Science narrowly defined is the product of application of the scientific method.
But the vernacular definition of the term “science” in its applications under the ESA encompasses both reliable knowledge and the actions of scientists, including provision of expert opinions (Murphy and Weiland 2016).
during the development of draft recovery plans for listed plant and animal species.” Over the past two decades the agencies increasingly have relied on scientific review to inform a wide range of decisions under the ESA (described in some detail below).
Regulatory peer review—outside input into agency determinations that affect public policy—has become an important means of assuring that the wildlife agencies' determinations are based on reliable knowledge and therefore are lawful (Ruhl and Salzman 2006).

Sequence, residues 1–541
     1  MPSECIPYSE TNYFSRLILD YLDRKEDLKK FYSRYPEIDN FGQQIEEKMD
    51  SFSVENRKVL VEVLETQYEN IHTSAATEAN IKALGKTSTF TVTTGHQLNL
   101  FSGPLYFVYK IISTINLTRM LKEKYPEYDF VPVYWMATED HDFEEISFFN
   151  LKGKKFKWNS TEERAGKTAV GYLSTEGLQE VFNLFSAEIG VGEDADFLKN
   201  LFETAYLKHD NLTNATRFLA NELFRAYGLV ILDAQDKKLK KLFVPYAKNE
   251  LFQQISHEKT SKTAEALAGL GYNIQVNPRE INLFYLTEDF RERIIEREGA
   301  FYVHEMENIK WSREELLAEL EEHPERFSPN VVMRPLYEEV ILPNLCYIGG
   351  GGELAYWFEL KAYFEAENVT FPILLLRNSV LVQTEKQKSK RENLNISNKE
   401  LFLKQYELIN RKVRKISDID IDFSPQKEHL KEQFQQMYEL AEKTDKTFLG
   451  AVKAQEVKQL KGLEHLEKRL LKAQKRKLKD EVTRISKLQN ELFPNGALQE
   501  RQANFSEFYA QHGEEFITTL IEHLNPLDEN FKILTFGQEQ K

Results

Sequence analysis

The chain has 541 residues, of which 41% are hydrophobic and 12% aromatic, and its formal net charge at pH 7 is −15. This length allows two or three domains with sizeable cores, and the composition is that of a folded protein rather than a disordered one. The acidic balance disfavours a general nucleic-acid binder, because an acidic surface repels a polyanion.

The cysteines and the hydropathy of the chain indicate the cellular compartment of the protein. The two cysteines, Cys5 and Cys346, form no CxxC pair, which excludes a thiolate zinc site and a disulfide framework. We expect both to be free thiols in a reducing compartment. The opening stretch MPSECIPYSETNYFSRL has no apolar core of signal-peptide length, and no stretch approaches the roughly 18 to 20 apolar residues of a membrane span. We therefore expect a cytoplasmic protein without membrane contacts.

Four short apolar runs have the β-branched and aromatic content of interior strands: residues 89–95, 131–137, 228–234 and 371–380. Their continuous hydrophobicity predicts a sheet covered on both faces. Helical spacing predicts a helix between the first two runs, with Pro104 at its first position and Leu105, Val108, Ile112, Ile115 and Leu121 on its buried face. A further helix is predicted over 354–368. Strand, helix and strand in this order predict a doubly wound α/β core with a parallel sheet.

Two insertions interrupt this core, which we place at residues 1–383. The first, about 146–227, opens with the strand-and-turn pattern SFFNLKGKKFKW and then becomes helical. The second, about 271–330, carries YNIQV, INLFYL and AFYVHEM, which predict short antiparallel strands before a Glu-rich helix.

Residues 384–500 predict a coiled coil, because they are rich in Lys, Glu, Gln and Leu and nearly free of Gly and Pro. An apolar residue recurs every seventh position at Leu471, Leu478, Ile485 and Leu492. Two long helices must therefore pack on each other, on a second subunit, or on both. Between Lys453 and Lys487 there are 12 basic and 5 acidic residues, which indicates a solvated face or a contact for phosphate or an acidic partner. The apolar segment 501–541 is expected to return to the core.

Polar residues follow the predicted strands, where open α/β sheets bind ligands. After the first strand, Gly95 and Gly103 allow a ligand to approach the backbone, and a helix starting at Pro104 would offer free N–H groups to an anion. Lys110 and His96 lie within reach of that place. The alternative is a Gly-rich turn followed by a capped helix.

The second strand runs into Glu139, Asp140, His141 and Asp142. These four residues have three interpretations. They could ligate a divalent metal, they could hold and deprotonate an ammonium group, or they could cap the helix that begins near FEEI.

Particularly in those cases when agency determinations have significant societal impacts, we contend that independent science reviews of such determinations should share a common set of attributes to assure they facilitate the use of the best available scientific information in agency decision-making.
Review of the methods of and inferences drawn from scientific investigations is a critical aspect of modern scientific inquiry (see Ziman, 1968, 1969).
Inherent in much of this research, however, are complex biological and ecological relationships in which varying degrees of scientific uncertainty are present.
Addressing this type of uncertainty can affect the economic outcomes related to protected species.
Reliable characterization of the status and trends of species is required to make listing and delisting determinations, resource needs and landscape use by listed species must be quantified to develop recovery plans, and species–habitat relationships need to be analyzed to inform consultations between federal agencies when listed species may be affected by federal agency actions.
Congress anticipated that science and the input of scientists would be essential in implementing nearly all of the Act's provisions.